I am curious about the effects of certain phrasings in educational contexts, particularly in mathematics. In fields like physiotherapy, using phrases like "it's just lifting your leg" can seem dismissive and fail to empathize with the patient's experience. Similarly, in education, saying "it's just using the chain rule" might undermine the student's challenges.

Are there any studies or research that explore the impact of such seemingly trivializing language in the context of teaching mathematics? How does this language affect student perception, motivation, and understanding of mathematical concepts? I am looking for references about this topic. i've done an animation trying to explain the context: https://youtu.be/vnhK3bTVYLk

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    $\begingroup$ Doesn't this just involve a literature search? :) $\endgroup$ Jan 17 at 15:46
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    $\begingroup$ What search terms have you tried on scholar.google.com ? $\endgroup$ Jan 17 at 16:17
  • $\begingroup$ What did you find in your ERIC search? $\endgroup$
    – shoover
    Jan 18 at 21:29
  • $\begingroup$ I am closing this question because you seem to be asking the Math Ed site to do a literature search for you. This is not what the SE network is for. Once you have done your own literature search, you are welcome to post here to clear up any confusion you might have. $\endgroup$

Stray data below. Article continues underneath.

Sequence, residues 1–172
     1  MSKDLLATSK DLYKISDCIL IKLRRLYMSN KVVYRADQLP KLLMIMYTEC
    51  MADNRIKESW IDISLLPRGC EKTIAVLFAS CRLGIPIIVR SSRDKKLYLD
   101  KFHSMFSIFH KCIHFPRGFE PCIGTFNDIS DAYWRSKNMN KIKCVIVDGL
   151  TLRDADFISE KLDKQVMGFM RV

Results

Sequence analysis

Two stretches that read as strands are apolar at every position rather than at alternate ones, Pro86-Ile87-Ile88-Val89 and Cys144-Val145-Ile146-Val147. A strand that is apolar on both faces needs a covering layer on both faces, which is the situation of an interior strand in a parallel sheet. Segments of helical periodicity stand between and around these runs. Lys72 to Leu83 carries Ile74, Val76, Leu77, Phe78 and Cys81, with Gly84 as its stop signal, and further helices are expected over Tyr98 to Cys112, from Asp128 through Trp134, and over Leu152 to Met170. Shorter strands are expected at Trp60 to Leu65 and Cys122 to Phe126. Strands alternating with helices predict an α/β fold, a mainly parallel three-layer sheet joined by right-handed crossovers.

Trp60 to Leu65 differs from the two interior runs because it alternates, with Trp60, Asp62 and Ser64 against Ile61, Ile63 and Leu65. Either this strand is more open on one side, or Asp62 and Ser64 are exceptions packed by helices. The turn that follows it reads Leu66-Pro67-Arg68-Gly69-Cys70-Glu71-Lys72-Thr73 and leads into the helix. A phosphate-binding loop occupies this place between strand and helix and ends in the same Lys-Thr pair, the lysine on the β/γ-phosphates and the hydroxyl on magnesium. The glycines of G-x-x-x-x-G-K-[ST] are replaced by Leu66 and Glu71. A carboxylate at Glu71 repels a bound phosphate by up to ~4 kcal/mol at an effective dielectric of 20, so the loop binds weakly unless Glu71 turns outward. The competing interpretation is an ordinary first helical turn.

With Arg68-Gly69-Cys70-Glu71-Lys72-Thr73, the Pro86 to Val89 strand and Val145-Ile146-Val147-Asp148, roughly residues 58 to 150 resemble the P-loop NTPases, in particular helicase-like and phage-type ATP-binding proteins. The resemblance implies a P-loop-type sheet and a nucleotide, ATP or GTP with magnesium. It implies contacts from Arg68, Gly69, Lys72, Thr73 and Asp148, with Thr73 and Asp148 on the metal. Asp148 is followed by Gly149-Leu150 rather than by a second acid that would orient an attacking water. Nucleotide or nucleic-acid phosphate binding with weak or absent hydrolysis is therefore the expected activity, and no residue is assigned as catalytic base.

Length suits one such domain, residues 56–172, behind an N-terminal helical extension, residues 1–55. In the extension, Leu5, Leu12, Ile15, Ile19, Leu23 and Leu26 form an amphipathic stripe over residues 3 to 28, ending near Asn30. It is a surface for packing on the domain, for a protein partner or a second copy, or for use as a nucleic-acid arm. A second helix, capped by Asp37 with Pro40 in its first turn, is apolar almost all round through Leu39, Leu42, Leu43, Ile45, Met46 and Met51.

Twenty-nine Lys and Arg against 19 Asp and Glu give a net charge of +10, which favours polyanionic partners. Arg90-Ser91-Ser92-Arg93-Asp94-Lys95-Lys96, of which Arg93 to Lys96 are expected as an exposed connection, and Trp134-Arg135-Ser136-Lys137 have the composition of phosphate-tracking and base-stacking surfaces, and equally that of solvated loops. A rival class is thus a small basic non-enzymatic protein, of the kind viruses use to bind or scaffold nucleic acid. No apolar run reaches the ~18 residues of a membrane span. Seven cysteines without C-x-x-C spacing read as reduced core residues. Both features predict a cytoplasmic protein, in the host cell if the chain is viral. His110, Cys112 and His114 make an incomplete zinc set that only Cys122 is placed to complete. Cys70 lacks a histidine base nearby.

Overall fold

– Xander Henderson
    Jan 22 at 18:40
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    $\begingroup$ Nominating to reopen. "Are there any research about ..." is a common type of questions here, and they are usually well received. Sure, it would be better if the OP shared what they tried, but that's no reason for closing. You may be irritated with the OP's perspective, but the questions is interesting and received useful answers. $\endgroup$
    – Kostya_I
    Jan 24 at 18:32

3 Answers 3


You can find one such study here:

  • Kroeper, K. M., Muenks, K., Canning, E. A., & Murphy, M. C. (2022). An exploratory study of the behaviors that communicate perceived instructor mindset beliefs in college stem classrooms. Teaching and Teacher Education, 114.